Joseph “Jack” Frazer was caught in the crossfire — literally and figuratively — when the U.S.-Dakota War erupted in 1862 on the Minnesota frontier.
Frazer was in his 50s, living by the Lower Sioux Agency near modern-day Morton, working for a white trader, when a French Canadian named Antoine Young was fatally shot on the war’s first morning. When Dakota warrior Cut Nose tried to shoot Frazer, too, the men struggled and the powder failed to ignite. Two Dakota fighters then came to Frazer’s defense because he grew up among the Dakota — one of countless early Minnesotans of mixed blood.
Born around 1806 to a Scottish trader and a Dakota mother, Frazer was friends and hunting partners with both Little Crow and Henry Sibley — opposing leaders of Dakota warriors and U.S. government forces during the bloody six-week clash.
Frazer spent his first 30 years known as Ite Maza, meaning “Iron Face” in Dakota. He lived with the community of his mother, Ha-zo-do-win, a daughter of the chief of the Red Wing village. He married a daughter of Black Dog village’s leader. But in his 30s, Frazer adopted the white ways of his father — speaking English, working for traders, advocating farming and dressing like a settler.
He was Minnesota’s territorial-era version of Paul Revere, witnessing pivotal moments in state history and serving as the settlers’ messenger when the 1862 war broke out. He volunteered to carry an Army note by horseback, riding through an August storm from Fort Ridgely to alert Sibley in St. Peter, and then galloping on with the dispatch to Gov. Alexander Ramsey in St. Paul. He returned to serve as Sibley’s scout, enduring the standoff at Birch Coulee and living after the war in the Dakota internment camp at Fort Snelling.
Frazer embodies the mixed-race history of Minnesota’s early years, according to St. Cloud State historian Mary Wingerd. Her award-winning, 2010 book, “North County: The Making of Minnesota,” looks at the state’s multicultural roots from the 1600s deep into the 1800s.
“Ideas about race are incredibly fluid and unfixed,” Wingerd said in an interview for the St. Cloud State website. “Remember, you have all these people of mixed ancestry and it didn’t matter if you were European or African-American or Indian or mixed ancestry — the way people sorted you out was by how you dressed, by what kind of customs you observed.”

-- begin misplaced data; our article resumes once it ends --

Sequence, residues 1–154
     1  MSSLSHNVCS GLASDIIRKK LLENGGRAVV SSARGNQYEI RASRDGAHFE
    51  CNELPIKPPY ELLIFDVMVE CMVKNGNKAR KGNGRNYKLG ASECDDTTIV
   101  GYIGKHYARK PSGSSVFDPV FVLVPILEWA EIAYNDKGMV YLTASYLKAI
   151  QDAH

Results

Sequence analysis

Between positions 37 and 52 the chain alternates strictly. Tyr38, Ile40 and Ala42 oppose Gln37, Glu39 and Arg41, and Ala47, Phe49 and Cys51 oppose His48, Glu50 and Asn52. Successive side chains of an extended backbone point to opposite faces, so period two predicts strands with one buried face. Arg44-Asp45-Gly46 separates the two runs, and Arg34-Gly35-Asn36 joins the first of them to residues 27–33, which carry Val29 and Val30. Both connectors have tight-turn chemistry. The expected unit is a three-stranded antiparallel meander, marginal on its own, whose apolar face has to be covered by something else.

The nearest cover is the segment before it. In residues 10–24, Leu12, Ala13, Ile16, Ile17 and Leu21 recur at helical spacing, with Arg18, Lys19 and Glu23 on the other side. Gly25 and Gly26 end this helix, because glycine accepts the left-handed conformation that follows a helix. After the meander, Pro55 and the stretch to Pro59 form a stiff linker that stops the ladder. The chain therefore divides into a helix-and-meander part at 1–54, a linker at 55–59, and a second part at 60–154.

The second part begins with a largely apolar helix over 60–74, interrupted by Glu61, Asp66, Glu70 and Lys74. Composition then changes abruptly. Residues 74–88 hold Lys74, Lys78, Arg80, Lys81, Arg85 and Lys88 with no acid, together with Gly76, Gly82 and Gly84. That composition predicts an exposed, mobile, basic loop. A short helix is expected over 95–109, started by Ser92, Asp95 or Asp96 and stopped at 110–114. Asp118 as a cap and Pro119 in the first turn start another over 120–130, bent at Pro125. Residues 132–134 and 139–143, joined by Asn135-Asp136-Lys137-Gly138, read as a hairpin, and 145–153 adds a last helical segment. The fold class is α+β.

Some accounts paint Frazer in a questionable light, while Dakota traditionalists might consider him a sellout. It’s safe to say he was among the more complex characters on the Minnesota frontier.
English writer Frederick Marryat, visiting Sibley in 1838, described Frazer as a “fine intellectual-looking man,” noting he had taken nearly 30 scalps in battles with other tribes.
Frazer was a “rather disreputable fellow who failed to enhance” Little Crow’s reputation, according to University of Oklahoma history Prof. Gary Clayton Anderson, author of a 1986 biography titled “Little Crow.” He says Frazer was “sacrilegious, constantly poking fun at Dakota customs, and even mimicking Dakota spirits.”
Sibley biographer Rhonda Gilman said Little Crow and Frazer shared a “roving eye, prowess at hunting, and a disregard for the authority of tribal elders.”
But Roseville researcher Curtis Dahlin, whose books document many details from 1862, thinks Frazer should be remembered as “a decent person … who had a foot in two worlds, and that was not an easy or comfortable position to be in, especially at that time.” He was courageous enough to take on the perilous messenger mission, Dahlin said, adding that “Jack must have been a formidable fighter as he was able to hold Cut Nose, a large person, at bay for a time.”
Thanks to the internet, we don’t need to rely solely on experts. We can hear from Frazer himself. Woodbury historian Carrie Reber Zeman runs a web page for people intrigued by the 1862 war. She unearthed an 1839 speech, delivered by Frazer and jotted down in the Dakota language by missionaries Samuel and Gideon Pond. Zeman posted translated excerpts on her blog — (tinyurl.com/IteMaza).
In it, Frazer explains his conversion from Dakota ways to the white man’s ways. He recalled how, “in the long ago,” Dakota used arrowheads of bone and stone to kill animals for food.
“But in those times, the beasts that walked the earth were very plentiful,” Frazer said. “In those times beavers in hordes filled all the bodies of water wherever water lay; consequently, life was possible; they kept alive.”
By 1839, Frazer said, “even if someone tried to live in that way, he would fail, he could not live, and he would meet with hardship … Man can live now only from working the soil, planting; aside from that there is nothing possible to live by … He who honors the soil, thereby makes a man of himself to a far greater degree … ”
He challenged the Dakota for ridiculing people like him who “plant gardens and labor like women … you yourselves are the greater fools!”
In a precursor to climate change concerns, Frazer said: “The earth is very possibly undergoing change. It is alarming. Now in turn, all the grass is withering away; and so, though it once seemed that the beasts of the field had great gardens all over … they suffer.
“Now, therefore, men living on earth can only practice labor … because labor is the only means of subsistence, that all wise men place planting at the highest value.”
Frazer died in Faribault on Feb. 23, 1869, and was buried at the French-Catholic St. Louis Cemetery in Rice County. Henry Sibley, Minnesota’s first governor, paid for his tombstone.
Curt Brown’s tales about Minnesota’s history appear each Sunday. Readers can send him ideas and suggestions at email@example.com. A collection of his columns is available as the e-book “Frozen in History” at startribune.com/ebooks.